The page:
Tag: matt holliday

One and just getting started

Roy Halladay faces Kyle Lohse tomorrow at 5:07 in game one of the NLDS.

Halladay went 19-6 with a 2.35 ERA and a 1.04 ratio this season, striking out 220 in 233 innings. He was second in the NL in ERA, second in innings pitched, first in WAR for pitchers and fourth in ratio. For the third straight season, he led his league in fewest walks per nine innings pitched. It wasn’t real close. Halladay walked 35 in 233 2/3 innings or 1.348 per nine innings. Lee was second-best in the NL and he walked 1.625 per nine.

Lefties had a lot more luck against Halladay than righties, hitting 273/305/354 against him compared to 206/236/275 for righties.

Halladay has allowed more than two runs in a start once in his last seven outings. Over those seven appearances he’s thrown to a 1.65 ERA with a 1.02 ratio.

Over his last 12 starts he’s allowed one home run in 86 1/3 innings (Lance Berkman hisownself on September 19, causing Halladay to unleash a fury of intentional walks the likes of which haven’t been seen before or since).

Halladay was third-best in the NL in terms of fewest HR per nine innings, behind Charlie Morton (six HR in 171 innings) and Matt Cain (9 in 221). That group of three was way better than the rest of the league. Halladay was third with 0.385 HR per nine and Madison Bumgarner was fourth at 0.528.

Halladay made two starts against St Louis this year, throwing to a 3.21 ERA with a 1.14 ratio and striking out 11 in 14 innings. On June 21, Halladay allowed a run over six innings as the Phils topped the Cards 10-2 in St Louis. The Cards scratched out a run in the fifth with the help of a bloop hit and a double-play that wasn’t. Halladay left down 1-0 and the Phils came to bat in the eighth down 2-1. In the eighth they scored nine runs without an extra-base hit.

In that game St Louis brought righty Jason Motte into the game to face Howard in the eighth inning and Motte hit Howard. Just saying.

The other start came September 19 in St Louis. Halladay gave up the home run to Berkman in the first and spent the rest of the day intentionally walking him (okay twice, but still). Halladay allowed four runs over eight innings in the game, his only start since August 16 in which he has allowed more than two runs. Down 4-1 going into the bottom of the ninth, the Phils scored two runs charged to Motte but lost 4-3.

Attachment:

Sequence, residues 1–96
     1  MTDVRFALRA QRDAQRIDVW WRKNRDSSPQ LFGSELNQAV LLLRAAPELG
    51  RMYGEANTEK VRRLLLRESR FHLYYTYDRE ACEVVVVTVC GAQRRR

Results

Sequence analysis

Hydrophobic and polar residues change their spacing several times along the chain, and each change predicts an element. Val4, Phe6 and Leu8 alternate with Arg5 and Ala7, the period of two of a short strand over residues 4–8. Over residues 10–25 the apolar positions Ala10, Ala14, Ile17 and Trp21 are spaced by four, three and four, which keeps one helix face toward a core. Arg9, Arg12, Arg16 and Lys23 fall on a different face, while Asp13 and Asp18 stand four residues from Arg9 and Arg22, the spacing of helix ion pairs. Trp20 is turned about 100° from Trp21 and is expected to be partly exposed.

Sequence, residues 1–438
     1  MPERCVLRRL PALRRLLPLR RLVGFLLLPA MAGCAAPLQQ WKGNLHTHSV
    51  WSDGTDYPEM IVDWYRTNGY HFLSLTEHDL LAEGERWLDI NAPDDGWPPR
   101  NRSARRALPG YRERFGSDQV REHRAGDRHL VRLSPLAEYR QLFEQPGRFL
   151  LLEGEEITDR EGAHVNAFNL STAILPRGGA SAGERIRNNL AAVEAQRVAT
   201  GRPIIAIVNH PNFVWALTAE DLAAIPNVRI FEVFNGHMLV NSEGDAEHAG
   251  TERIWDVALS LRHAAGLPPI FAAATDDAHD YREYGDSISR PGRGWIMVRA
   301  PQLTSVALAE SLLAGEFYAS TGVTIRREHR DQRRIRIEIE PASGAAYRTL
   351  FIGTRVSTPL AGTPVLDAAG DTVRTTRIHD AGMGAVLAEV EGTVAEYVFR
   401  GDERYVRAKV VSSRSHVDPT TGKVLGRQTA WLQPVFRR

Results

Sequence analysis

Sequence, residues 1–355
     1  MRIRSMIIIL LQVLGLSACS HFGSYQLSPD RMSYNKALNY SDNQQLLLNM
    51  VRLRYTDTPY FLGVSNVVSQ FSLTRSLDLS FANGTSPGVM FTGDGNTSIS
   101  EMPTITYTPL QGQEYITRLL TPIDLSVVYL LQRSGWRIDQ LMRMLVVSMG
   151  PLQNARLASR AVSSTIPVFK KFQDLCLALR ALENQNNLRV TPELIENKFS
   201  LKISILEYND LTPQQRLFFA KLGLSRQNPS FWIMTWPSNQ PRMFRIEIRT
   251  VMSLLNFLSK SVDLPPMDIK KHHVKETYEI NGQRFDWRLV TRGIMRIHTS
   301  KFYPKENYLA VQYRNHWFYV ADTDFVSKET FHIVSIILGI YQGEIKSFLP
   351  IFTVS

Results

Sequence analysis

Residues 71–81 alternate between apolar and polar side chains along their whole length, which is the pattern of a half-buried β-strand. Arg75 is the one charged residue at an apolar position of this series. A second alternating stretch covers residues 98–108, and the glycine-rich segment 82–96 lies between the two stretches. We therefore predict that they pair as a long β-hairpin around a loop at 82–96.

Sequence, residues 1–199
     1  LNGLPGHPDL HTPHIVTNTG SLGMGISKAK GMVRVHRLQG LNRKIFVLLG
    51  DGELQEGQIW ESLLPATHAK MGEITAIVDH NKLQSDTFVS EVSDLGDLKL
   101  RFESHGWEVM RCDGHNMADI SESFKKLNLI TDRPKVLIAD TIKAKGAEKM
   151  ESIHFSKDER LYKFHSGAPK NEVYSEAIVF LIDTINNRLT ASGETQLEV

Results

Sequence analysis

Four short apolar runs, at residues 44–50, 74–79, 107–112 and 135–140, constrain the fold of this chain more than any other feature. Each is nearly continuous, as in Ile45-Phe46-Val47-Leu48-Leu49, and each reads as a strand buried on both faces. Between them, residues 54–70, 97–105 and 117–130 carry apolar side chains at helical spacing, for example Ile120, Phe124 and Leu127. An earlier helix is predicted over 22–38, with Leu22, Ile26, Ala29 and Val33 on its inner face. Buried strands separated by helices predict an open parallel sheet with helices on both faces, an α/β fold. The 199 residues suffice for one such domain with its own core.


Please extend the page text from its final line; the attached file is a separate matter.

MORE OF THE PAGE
Pujols is 2-for-11 against Halladay for his career. Berkman 2-for-5 with two walks. Molina 1-for-5. Punto 4-for-14. Jay 1-for-8. Craig 0-for-4. Schumaker 3-for-8.

Halladay has made three career post-season starts and threw a one-walk no-hitter against the Reds in game one of the ’10 NLDS.

The Phils lost game one of the ’10 NLCS against the Giants with Halladay on the mound and won game five with Halladay looking sick and off.

Overall, Halladay has made three career post-season starts and gone 2-1 with a 2.33 ERA and an 0.77 ratio. He has a 4.15 ERA over his last two playoff starts.

Righty Kyle Lohse (14-8, 3.39) goes for St Louis.

Coming off two ugly years in 2009 and 2010 where Lohse threw to a 5.54 ERA over 41 appearances and 40 starts, Lohse has been good for St Louis this season. He was tenth in the NL in ratio with a 1.168 and sixth in the league in best walk rate with 2.007 per nine innings.

Lohse had very similar numbers against righties and lefties for the season. Righties hit 248/284/384. Lefties fared a tiny bit better, but with a very similar 249/299/397 line.

Lohse started the season pitching great. In his 11 starts before the end of May, he threw to a 2.13 ERA with an 0.92 ratio over 80 1/3 innings. June, July and August didn’t go as well, though, as Lohse made 15 starts in which he threw to a 5.29 ERA and allowed 94 hits in 81 2/3 innings as opponents hit .288 and slugged .506 against him. He was very good in his four starts in September, throwing to a 1.37 ERA without allowing a home run in 26 1/3 innings.

He made two starts against the Phils on the year and had good numbers, throwing to a 1.76 ERA with an 0.98 ratio over 15 1/3 innings. On June 22 in St Louis, he held the Phils to three runs over eight innings and the Phils won 4-0 behind a complete-game from Cliff Lee. Rollins and Howard both homered off of Lohse in the fourth inning of that game. Rollins hit a solo shot and Howard’s was a two-run homer.

Lohse also started the September 19 game against Halladay and pitched very well, allowing an unearned run over 7 1/3 innings. The Phils scored their only run of the game in the second that day with the help of two bad plays by Nick Punto, one of which was called an error and one of which wasn’t.